This page is part of the web mail archives of SRFI 50 from before July 7th, 2015. The new archives for SRFI 50 contain all messages, not just those from before July 7th, 2015.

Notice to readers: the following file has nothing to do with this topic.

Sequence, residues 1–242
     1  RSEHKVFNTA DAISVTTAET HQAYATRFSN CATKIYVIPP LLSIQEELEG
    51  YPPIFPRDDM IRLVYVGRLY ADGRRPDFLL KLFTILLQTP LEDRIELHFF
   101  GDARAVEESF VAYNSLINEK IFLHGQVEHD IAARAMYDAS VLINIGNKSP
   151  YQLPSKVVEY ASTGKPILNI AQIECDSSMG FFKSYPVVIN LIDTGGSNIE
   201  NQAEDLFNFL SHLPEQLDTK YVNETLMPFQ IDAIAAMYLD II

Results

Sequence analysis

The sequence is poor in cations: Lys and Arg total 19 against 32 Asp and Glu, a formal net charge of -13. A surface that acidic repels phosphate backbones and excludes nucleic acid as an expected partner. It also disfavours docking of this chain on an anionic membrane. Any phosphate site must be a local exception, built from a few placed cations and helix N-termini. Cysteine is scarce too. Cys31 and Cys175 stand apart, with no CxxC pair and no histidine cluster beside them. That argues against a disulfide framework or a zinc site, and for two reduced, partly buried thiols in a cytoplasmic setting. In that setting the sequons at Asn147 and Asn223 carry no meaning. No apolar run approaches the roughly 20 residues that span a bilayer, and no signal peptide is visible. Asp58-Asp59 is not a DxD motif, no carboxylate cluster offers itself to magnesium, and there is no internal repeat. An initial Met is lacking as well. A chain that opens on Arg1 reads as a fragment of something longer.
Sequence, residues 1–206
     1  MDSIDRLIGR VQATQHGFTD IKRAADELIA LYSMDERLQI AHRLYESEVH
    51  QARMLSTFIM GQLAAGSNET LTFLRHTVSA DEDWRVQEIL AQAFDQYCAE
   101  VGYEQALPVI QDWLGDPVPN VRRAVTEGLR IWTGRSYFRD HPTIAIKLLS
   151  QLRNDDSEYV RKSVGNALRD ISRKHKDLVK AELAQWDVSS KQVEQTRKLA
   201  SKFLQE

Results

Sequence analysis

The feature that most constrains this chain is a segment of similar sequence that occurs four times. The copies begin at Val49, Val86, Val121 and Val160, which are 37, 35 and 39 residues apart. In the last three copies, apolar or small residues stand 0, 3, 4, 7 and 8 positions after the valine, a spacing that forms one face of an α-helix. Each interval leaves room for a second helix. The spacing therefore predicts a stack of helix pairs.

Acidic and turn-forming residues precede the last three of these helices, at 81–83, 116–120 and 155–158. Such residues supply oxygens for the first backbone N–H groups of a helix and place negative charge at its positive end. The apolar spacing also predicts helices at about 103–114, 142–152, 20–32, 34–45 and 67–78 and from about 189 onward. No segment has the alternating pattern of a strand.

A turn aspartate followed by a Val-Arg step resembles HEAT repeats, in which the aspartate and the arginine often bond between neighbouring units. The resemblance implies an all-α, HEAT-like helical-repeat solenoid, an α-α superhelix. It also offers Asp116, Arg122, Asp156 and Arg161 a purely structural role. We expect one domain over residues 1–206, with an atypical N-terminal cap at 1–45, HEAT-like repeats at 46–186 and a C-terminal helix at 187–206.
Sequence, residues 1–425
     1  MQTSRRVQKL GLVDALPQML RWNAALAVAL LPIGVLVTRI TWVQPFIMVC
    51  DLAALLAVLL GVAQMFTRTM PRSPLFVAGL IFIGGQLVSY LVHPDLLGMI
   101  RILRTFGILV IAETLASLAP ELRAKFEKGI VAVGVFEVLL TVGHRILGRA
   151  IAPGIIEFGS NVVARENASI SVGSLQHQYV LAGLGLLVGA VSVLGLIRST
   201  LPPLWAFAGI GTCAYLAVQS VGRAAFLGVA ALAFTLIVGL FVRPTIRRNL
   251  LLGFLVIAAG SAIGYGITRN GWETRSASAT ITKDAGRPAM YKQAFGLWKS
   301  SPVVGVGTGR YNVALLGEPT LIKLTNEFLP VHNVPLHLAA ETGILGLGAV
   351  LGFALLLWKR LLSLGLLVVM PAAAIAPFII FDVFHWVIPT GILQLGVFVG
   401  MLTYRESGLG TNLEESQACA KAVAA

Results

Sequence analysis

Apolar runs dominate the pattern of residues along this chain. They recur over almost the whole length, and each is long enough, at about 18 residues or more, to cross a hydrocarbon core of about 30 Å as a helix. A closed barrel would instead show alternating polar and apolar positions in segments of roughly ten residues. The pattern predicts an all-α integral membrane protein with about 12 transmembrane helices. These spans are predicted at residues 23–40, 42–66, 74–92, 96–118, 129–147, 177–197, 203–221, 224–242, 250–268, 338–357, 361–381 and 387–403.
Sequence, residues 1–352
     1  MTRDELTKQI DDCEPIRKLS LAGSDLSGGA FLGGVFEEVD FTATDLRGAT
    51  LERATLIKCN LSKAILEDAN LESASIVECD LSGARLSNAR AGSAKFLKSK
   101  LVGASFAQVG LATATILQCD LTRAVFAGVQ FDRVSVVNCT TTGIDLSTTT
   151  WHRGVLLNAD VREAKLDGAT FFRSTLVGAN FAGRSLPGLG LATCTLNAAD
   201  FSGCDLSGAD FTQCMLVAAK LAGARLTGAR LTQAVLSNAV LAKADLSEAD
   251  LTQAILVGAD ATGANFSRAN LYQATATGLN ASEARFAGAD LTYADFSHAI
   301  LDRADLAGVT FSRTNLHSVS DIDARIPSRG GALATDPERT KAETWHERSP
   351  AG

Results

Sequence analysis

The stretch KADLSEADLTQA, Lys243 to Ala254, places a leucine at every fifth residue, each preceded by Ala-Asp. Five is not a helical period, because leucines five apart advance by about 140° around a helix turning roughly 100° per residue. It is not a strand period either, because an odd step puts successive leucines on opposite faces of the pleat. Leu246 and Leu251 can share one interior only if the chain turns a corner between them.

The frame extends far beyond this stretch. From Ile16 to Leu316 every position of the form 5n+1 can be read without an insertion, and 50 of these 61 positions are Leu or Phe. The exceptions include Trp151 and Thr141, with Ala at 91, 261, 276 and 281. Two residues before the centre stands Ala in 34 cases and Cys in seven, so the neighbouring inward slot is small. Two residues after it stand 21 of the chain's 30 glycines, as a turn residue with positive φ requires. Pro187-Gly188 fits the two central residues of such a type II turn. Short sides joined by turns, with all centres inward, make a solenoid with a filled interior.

> I don't follow this argument. (Actually, I can't follow a single step > of it.) Why does any low-level FFI automatically imply "a lot of > Scheme implementations which will not support it," and how is this > fact changed by having a high-level interface first? By "low-level" I mean an FFI that exposes the details of the implementation. Memory management can vary so much from one implementation of Scheme to the next that it is worthwhile to make the FFI abstract in this regard. An FFI where objects are converted automatically between Scheme and C (a "high-level" FFI) can eliminate nearly all memory management concerns (for the user of the system). A low-level FFI may be incompatible with a particular implementation strategy, and thus be very difficult to support (to the point that the implementor will not invest the effort to implement it, especially if this requires rewriting the whole memory-management system or if that implementation of Scheme already has a decent FFI, for example: PLT-Scheme, Chez-Scheme, Bigloo, and Gambit-C to name those I know best). In comparison, a high-level FFI can be supported with all internal memory management approaches that I can think of. So it is easier to implement in existing Scheme systems, and there is a higher likelihood that it will truly become a "standard" FFI. Marc